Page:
Also this week we have uploaded to the Downpatrick, Ballee & Clough NSP Churches YouTube channel a service that was originally broadcast from All Souls’ Church, Belfast on BBC Radio Ulster in 1995:

Click on the above video to see the service

Converted from a cassette tape to mp3 format the service was recorded live from the radio in October 1995. The service is conducted by the minister at the time, Rev David Steers. The readers are Barbara Moneypenny (Psalm 46) and Jim Jackson (Luke ch.6 v.12-31). Muriel Singleton leads the prayers. The church organist is Albert McCartney who plays on the church’s Compton organ the hymns Praise to the Lord, the Almighty, the King of Creation; Just as I am, thine own to be; Dear Lord and Father of mankind; Immortal, invisible, God only wise and leads the Church Choir in the singing of Lead me Lord (music S.S. Wesley, words Psalm 5) and Grant us Thy Peace (music Timothy Troman, words D. Bruce-Payne).

Let it be so now

This week our service of worship comes from Ballee Non-Subscribing Presbyterian Church. The service is conducted by the minister, Rev Dr David Steers, and the reading, from Matthew ch.3 .v.4-17, is given by Carol Nixon. John Strain, church organist plays the hymns In Christ Alone and Take my life, and let it be.

Sunday Worship, 7th February (available after 9.45 am on Sunday)

Today we consider the baptism of Jesus and this encounter related in Matthew’s gospel between Jesus and John the Baptist on the banks of the River Jordan. A moment of revelation – not least for Jesus himself – but also a moment of change where we move from a prophet warning that His winnowing fork is in his hand, and he will clear his threshing floor and gather his wheat into the granary, but the chaff he will burn with unquenchable fire to Jesus’ vision of a kingdom where the least are greatest of all: Let it be so now; for thus it is fitting for us to fulfil all righteousness.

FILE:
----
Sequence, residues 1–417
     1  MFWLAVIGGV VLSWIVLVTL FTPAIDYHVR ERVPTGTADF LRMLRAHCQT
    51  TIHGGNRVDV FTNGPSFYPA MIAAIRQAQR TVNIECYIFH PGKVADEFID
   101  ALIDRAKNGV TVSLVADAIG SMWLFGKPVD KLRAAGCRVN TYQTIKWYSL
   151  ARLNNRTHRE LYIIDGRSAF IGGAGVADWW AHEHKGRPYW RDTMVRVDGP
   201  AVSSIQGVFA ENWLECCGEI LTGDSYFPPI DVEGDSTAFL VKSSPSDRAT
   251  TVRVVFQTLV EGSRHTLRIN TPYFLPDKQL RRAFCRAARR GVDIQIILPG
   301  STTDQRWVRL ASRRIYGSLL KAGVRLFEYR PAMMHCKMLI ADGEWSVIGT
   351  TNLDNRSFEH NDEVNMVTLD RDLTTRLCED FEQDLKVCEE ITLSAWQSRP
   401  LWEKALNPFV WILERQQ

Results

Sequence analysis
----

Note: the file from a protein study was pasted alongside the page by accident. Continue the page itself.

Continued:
You can also listen to our joint service between Ballee, Clough and Downpatrick Non-Subscribing Presbyterian Churches broadcast live from Downpatrick on BBC Radio Ulster on Sunday, 22nd May 2005 here:

Search me, O God, and know my heart

Our service for this Sunday comes from Ballee Non-Subscribing Presbyterian Church which this year celebrates its tercentenary.

The service is conducted by the minister, Rev Dr David Steers, and John Strain, the church organist, plays the hymns ‘O Love that wilt not let me go’ (Hymns of Faith and Freedom 276) and ‘Spirit of the living God’ (Hymns of Faith and Freedom 178) as well as ‘How deep the Father’s Love for us’ (Irish Church Hymnal 224) which is played at the beginning and end of the service. The reading is Psalm 139 v.1-12, 23-24.

Click on the video to join in our service
Ballee NSP Church, built 1721

And suddenly you know: It’s time to start something new and trust the magic of beginnings

The above quotation comes from Meister Eckhart and it seems a fitting thought to have in mind at the start of a new year, especially after all the difficulties of the year that has gone before.

This new year is also the 300th anniversary of the building of the Ballee meeting-house and both the new year and this tercentenary feature in our service for Sunday, 3rd January. The date is close too, to the feast of the Epiphany and a reflection on the story and meaning of the Magi features in our worship.